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At Random: Coach Grier

It’s absolutely no surprise that former Edmonton Oilers’ winger Mike Grier landed a job as a coach in the NHL, joining the New Jersey Devils as an assistant this week. If anything, the surprise is it took the big winger from Detroit this long to end up behind the bench after retiring at the end of the 2010-11 season.

Oilers’ fans will remember Grier, who played six seasons here in Edmonton, as a burly, third-line forward who chugged up and down the right wing like a locomotive, running over everything in his way — most notably on a terrific line with Todd Marchant and either Rem Murray or Ethan Moreau. And, of course, for playing through countless shoulder dislocations. Tough dude.

More than that, Grier, who is now 43, was a smart dude and a consummate pro who studied the game, defined exactly what it was he needed to do and made sure he was prepared to do it, to stay in the NHL – something he did for 1,060 regular season games with the Oilers, Washington Capitals, Buffalo Sabres and San Jose Sharks. Simply put, Grier was one of those mid-roster players who had all the attributes it takes to become a successful coach.

STUDENT OF THE GAME

Grier could play. Aside from being a hellacious body-checker, penalty killer and a 200-foot player before the term even came into vogue, Grier had pretty good mitts for a banger. He scored 20 goals twice for the Oilers and scored 10-20 goals seven times in 14 seasons, so it’s not like he was a journeyman. He also did what a lot of former players who end up behind the bench tend to do – he paid attention and never cut corners on preparation.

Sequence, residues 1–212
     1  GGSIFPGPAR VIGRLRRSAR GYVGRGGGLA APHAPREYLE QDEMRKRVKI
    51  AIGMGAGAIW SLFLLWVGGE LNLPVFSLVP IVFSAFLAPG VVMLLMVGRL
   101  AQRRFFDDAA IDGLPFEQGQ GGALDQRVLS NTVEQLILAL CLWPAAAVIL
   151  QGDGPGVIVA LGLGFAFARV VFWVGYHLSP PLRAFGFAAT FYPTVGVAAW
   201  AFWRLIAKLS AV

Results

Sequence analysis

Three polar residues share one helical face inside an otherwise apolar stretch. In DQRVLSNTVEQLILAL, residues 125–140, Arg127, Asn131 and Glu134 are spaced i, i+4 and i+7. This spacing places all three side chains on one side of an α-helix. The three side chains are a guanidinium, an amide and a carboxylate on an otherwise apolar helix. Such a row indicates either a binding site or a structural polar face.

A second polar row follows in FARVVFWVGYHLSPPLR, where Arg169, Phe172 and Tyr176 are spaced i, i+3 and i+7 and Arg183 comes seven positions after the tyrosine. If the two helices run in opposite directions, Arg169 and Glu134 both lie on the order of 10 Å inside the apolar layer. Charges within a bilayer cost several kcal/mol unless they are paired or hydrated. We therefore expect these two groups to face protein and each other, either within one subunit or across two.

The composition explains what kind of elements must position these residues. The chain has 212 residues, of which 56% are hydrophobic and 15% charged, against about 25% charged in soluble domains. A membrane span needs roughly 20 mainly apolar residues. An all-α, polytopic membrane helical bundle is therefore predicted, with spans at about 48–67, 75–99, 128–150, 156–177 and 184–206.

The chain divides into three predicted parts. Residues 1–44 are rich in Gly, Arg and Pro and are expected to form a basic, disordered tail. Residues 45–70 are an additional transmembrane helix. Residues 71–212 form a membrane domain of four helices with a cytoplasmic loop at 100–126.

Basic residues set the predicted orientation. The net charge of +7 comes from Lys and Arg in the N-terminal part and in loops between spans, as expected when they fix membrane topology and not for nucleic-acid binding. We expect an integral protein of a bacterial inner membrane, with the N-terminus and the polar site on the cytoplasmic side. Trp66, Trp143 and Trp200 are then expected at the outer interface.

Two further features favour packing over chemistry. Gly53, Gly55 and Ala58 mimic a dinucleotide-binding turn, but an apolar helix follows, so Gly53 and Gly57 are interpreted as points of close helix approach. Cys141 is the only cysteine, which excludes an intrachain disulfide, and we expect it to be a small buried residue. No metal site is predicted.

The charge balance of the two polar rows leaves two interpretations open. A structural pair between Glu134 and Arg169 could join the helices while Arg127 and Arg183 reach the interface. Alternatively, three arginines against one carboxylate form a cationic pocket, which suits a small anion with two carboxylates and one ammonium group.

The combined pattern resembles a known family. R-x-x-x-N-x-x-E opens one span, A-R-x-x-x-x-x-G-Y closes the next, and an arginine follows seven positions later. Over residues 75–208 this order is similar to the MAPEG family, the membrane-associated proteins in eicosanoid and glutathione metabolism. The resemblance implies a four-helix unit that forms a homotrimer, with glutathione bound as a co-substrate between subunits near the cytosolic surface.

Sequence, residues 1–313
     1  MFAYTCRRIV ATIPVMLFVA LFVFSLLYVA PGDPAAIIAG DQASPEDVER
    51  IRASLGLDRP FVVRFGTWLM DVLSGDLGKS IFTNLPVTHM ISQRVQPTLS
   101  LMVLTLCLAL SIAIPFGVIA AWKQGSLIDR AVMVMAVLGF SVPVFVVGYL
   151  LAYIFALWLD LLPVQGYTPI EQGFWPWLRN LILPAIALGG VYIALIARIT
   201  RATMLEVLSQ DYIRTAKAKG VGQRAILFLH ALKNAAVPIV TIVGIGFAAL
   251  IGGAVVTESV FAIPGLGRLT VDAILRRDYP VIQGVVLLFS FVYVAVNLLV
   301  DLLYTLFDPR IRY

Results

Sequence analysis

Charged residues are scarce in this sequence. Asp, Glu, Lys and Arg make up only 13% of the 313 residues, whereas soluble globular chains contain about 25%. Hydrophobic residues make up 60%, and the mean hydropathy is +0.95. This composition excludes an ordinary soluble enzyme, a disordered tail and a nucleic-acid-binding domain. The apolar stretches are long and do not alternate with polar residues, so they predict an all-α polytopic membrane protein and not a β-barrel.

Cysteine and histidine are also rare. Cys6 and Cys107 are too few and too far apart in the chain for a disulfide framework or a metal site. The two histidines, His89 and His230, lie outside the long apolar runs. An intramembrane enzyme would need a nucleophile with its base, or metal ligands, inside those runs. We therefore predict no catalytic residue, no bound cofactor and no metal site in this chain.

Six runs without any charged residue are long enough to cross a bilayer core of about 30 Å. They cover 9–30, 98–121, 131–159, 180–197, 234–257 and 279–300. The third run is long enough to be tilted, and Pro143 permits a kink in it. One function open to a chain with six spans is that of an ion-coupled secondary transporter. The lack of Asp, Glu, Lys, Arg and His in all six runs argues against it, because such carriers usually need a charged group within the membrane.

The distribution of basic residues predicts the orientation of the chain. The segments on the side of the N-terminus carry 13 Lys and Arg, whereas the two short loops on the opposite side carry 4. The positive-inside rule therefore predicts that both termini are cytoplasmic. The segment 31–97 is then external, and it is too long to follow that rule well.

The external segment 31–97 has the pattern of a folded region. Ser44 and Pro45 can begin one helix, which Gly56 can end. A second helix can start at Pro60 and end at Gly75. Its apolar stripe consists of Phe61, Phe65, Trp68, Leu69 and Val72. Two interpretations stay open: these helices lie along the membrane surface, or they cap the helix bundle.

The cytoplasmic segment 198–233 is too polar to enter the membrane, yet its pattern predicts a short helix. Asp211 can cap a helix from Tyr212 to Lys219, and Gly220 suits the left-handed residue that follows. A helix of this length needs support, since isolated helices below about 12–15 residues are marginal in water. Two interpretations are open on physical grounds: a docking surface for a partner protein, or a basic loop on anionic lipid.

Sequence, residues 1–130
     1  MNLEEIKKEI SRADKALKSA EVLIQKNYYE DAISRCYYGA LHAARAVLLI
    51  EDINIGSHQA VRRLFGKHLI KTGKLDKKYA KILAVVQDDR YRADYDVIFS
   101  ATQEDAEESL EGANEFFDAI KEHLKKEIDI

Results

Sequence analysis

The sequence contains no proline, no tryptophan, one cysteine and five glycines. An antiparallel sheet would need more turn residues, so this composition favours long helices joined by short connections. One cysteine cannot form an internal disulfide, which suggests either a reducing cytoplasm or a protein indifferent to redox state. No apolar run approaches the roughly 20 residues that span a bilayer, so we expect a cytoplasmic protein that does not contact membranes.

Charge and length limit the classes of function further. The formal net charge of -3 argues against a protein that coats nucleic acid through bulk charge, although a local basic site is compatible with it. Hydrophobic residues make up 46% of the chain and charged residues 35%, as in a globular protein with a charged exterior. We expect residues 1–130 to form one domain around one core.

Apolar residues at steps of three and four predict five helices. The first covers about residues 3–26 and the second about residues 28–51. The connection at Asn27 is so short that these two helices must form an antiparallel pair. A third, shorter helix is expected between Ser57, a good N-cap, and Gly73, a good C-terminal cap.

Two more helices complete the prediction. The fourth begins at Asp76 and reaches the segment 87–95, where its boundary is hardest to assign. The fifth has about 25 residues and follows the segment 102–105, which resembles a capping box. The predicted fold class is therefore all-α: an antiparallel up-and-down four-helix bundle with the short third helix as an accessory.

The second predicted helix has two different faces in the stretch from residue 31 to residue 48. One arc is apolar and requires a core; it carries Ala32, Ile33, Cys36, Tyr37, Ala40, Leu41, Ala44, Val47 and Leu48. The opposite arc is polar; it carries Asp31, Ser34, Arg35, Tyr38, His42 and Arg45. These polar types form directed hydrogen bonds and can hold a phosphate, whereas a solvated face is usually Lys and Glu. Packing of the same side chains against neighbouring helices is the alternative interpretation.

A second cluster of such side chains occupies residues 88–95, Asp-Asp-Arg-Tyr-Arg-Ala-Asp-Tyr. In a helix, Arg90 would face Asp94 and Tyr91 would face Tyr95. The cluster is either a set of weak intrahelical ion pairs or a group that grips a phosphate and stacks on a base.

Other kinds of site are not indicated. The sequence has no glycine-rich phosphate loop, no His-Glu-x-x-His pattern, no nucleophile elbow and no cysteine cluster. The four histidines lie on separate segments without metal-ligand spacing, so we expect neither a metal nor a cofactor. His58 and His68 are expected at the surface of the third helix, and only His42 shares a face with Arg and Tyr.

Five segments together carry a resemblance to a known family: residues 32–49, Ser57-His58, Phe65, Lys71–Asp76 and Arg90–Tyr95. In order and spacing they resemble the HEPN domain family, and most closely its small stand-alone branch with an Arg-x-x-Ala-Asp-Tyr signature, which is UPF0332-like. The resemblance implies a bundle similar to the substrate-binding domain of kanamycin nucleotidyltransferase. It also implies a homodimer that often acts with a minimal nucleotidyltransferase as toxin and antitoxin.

Grier joins John Hynes’ staff in New Jersey after spending four seasons as a pro scout with the Chicago Blackhawks. Grier also coached with St. Sebastian’s High School, where he played in 1992-93, and with the BU Junior Terriers. “He was a highly-respected teammate and had the ability to relate to all players with his personality, demeanor and experience,” Hynes said. “These attributes will be valuable in communicating and developing our players, as we continue to build a strong culture.”

Grier joins a sizeable fraternity of former Oilers who are coaching around the NHL. Todd Reirden, who had a 17-game cup of coffee with the Oilers in 1998-99, took over from Barry Trotz as head coach with the Capitals this off-season. Martin Gelinas (Calgary), Steve Smith (Buffalo), Charlie Huddy (Winnipeg) and Luke Richardson (Montreal) are assistants. Dwayne Roloson (Anaheim), Bob Essensa (Boston) and Bill Ranford (L.A.) are goaltending coaches. Grier’s former linemate, Marchant, has been director of player development in Anaheim since 2011.

RADIO GA-GA